Chicago Drivers Get Speeding Tickets Every Eleven Seconds | National Review

Chicago Drivers Get Speeding Tickets Every Eleven Seconds | National Review


It’s springtime for scolds. With the help of the Covid-19 pandemic, politicians and pundits have enjoyed an unprecedented bounty of opportunities to police the personal behavior of private citizens.

And it’s not just masks. The Illinois Policy Institute is out with a new study finding that Chicago mayor Lori Lightfoot’s reduced threshold for the issuance of automatic speeding tickets by street cameras landed the city’s residents one speeding ticket every eleven seconds.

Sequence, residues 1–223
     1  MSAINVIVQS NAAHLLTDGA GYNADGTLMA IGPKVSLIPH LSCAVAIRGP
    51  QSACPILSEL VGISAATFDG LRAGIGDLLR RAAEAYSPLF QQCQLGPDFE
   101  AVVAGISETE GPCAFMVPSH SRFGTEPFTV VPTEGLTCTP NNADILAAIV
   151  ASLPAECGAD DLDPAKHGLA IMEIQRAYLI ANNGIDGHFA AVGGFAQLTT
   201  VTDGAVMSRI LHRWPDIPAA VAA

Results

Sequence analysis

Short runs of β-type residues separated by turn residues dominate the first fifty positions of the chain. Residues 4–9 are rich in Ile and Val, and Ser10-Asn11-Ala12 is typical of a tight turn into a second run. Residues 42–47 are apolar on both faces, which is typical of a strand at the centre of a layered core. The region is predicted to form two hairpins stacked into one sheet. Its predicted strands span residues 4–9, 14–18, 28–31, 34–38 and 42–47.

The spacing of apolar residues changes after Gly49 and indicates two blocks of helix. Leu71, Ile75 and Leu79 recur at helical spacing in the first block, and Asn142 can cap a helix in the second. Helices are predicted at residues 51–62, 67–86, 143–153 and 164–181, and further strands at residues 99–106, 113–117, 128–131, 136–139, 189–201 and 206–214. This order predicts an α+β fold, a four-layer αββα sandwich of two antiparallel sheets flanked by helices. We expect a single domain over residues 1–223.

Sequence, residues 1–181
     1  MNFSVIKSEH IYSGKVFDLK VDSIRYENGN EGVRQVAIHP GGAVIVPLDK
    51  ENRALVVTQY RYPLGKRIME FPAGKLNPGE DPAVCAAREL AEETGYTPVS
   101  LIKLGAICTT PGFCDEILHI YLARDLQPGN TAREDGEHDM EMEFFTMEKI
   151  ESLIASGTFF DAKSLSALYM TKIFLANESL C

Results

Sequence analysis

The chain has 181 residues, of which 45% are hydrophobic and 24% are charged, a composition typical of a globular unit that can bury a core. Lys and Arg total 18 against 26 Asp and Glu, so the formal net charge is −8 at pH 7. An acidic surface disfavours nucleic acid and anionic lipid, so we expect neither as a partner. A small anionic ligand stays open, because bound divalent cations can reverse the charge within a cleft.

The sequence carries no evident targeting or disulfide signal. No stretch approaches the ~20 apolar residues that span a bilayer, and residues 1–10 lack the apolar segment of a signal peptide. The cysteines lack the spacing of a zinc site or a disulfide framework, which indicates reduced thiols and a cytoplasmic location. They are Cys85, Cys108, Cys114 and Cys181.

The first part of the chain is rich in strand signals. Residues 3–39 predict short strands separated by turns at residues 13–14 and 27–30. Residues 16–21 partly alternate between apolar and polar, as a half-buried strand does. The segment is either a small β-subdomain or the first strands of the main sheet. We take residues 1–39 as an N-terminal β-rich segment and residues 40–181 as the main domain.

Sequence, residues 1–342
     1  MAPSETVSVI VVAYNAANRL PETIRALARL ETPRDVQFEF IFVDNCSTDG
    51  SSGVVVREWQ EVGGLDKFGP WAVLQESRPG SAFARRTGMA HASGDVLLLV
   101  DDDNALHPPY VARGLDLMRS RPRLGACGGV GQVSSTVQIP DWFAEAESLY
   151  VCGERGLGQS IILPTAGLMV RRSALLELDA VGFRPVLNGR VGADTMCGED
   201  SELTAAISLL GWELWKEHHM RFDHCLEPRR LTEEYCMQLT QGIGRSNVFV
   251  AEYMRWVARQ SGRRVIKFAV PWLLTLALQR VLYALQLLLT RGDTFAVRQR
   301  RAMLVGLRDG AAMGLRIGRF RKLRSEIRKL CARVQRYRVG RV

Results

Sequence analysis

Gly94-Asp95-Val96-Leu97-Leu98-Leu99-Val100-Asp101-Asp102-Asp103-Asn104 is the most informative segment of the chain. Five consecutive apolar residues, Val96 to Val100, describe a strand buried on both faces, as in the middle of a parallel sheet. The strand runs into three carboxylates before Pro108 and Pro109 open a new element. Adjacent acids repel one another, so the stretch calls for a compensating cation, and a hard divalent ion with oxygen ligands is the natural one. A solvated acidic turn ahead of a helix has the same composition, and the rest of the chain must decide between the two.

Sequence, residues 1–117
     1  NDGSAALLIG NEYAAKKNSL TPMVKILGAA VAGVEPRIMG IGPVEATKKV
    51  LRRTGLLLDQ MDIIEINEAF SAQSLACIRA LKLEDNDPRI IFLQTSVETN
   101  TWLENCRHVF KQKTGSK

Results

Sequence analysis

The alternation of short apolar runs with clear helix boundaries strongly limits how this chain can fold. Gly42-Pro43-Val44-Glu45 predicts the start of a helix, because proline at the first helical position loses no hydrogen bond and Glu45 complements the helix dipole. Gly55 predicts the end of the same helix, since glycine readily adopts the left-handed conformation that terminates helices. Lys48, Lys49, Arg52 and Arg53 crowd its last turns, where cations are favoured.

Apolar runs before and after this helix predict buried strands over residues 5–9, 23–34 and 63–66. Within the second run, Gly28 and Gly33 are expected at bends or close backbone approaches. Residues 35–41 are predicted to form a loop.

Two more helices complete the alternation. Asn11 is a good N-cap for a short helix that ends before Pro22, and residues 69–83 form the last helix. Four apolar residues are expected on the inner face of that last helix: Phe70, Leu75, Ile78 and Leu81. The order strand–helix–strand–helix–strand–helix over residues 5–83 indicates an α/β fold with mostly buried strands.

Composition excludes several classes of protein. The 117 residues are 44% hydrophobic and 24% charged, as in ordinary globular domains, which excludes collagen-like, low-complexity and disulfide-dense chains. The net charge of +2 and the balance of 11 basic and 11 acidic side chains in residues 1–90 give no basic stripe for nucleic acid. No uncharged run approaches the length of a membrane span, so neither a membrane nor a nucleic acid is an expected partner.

When Chicago Mayor Lori Lightfoot decreased the cameras’ ticket-issuing threshold to 6 mph from 10 mph, so many tickets were issued that the first 10 months of 2021 tallied as many tickets as were issued in the three prior years combined. Chicago speed cameras issued 2.3 million tickets in that period, about a ticket every 11 seconds.

That delivered a large cost to taxpayers: $73.8 million worth of tickets through October, according to open records requests by the Institute.

The Chicago father driving his kids to soccer practice is under constant surveillance, sure to be fined for the most minor of traffic infractions. On the other hand, 55 percent of murders committed in Chicago went unsolved in 2020.

That’s a theme in the contemporary American city: More public energy is devoted to ensuring that kindergarteners wear masks than that violent crime is punished.





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About the Author

Tony Beasley
Tony Beasley writes for the Local News, US and the World Section of ANH.